Remember that solar backup batteries are eligible for the same 26% federal solar tax credit as solar panels, which can reduce the cost of ownership. Depending on your jurisdiction, your solar backup battery may qualify for other incentives and rebates.

Should I Buy a Solar Backup Battery?

A solar backup battery is the right choice for some homeowners but not others.

If you want to be self-sufficient and avoid relying on the grid for electricity, then a solar backup battery is crucial.

Solar backup batteries are also ideal for homeowners who live off the grid or in areas with frequent power outages.

Some homeowners also buy solar backup batteries because full-retail net metering is not available in their area. Instead of donating electricity to the grid every day, you can use this electricity yourself.

Others buy solar backup batteries to take advantage of temporary rebates and incentives. It may be the best time to buy a solar backup battery, and the battery will pay for itself more quickly because of the rebates.

However, if your primary goal with a solar backup battery is to save money, then it may not be worth the price. If your area has full-retail net metering, then you won’t save money by installing a solar backup battery. You’ll get peace of mind and protection against power outages, but you’ll spend the same amount of money (while adding thousands to your solar system installation costs).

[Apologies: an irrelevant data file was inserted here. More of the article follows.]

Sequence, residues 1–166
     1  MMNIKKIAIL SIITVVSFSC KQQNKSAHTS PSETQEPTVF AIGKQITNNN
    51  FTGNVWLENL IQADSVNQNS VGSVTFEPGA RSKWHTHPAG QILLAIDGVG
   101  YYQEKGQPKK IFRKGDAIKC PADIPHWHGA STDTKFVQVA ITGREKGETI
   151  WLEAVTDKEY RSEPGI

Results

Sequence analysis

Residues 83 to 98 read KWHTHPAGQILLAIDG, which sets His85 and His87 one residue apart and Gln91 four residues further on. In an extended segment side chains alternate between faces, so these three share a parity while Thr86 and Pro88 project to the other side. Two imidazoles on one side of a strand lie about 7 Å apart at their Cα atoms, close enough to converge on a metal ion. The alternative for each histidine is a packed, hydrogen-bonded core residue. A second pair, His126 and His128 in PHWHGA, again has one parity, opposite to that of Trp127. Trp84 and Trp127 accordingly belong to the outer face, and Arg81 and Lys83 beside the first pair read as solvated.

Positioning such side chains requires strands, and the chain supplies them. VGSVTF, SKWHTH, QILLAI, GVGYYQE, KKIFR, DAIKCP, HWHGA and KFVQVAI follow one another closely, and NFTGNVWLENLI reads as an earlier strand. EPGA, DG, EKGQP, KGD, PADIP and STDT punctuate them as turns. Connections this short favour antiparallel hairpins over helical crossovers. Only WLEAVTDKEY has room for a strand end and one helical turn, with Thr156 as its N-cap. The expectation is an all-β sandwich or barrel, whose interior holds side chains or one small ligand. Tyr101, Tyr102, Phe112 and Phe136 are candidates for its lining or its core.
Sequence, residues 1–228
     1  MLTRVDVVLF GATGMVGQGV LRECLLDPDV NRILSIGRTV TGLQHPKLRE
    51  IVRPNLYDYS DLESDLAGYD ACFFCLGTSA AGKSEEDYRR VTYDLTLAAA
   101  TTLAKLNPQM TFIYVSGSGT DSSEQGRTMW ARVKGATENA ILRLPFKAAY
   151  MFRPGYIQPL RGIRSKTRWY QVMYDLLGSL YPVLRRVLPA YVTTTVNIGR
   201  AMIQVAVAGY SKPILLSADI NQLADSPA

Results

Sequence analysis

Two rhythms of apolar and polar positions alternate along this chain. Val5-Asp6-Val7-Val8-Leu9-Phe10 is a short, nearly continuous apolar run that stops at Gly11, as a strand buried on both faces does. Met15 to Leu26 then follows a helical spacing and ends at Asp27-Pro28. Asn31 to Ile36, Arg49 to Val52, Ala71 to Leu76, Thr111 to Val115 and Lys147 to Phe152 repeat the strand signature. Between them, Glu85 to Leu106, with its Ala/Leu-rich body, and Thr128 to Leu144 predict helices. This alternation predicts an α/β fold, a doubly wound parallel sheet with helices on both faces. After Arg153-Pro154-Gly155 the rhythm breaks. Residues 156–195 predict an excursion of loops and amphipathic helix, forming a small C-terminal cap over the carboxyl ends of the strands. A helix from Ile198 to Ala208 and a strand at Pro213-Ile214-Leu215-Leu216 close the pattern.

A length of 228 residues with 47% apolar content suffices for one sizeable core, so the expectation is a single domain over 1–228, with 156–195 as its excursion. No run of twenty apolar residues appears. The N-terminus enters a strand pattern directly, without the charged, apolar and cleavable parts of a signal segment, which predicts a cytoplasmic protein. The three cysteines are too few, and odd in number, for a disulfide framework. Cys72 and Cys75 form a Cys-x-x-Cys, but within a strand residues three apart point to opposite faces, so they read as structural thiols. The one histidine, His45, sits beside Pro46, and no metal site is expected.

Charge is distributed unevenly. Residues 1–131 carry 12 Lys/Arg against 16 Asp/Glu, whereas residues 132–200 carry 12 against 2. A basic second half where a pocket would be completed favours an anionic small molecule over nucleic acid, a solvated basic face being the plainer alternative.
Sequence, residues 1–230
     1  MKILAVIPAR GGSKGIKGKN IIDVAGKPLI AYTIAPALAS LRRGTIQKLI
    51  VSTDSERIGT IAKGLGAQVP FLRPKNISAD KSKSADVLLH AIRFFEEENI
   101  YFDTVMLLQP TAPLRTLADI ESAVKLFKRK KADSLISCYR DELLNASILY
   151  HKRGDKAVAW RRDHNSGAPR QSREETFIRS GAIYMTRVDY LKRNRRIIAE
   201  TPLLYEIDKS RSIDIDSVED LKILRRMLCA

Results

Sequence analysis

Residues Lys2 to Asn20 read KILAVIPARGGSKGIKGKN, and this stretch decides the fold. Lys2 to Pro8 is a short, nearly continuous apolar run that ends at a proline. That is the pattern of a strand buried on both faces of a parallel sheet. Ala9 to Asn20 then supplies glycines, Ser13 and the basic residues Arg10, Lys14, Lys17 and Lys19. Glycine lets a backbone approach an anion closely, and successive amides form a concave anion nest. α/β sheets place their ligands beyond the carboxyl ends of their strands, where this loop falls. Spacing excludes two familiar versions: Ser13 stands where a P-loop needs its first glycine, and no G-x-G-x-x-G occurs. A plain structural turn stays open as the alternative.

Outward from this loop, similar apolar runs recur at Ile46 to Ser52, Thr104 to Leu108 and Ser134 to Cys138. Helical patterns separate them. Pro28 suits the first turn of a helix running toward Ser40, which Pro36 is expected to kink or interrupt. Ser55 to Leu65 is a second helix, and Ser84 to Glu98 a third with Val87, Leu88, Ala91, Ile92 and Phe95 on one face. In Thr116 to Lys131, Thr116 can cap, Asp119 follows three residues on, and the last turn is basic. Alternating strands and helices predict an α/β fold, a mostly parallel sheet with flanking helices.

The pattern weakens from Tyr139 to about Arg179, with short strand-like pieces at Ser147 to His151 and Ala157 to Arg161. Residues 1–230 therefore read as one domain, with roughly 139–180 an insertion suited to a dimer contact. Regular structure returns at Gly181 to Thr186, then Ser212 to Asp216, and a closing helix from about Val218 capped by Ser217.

Final Word on Solar Backup Batteries

Solar backup batteries expand the usefulness of your solar panel system. A good solar battery storage system makes it easy to utilize the electricity you produce during the day. It helps you stay safely off the grid and maintain true energy independence. It can also help you avoid blackouts, power outages, and other issues with the grid.

As solar backup battery prices continue to fall, they’re becoming more affordable for homeowners every year. Weigh the pros and cons of a solar backup battery system to determine if it’s the right choice for you.

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  1. Sfc Jim Gowen says:

    We have 21 solar panels on house putting out a lot of power, but Our electric company Cookson-Hills won’t pay much back. I want to use an array of alternators
    with wind power to add to this grid and get off their grid. Do You know of anyone that can help Us???

  2. Sue says:

    Thanks for the info! I’d like to know how much battery back up we would need to power our home in an outage. We use approx. 36,000 KW / year.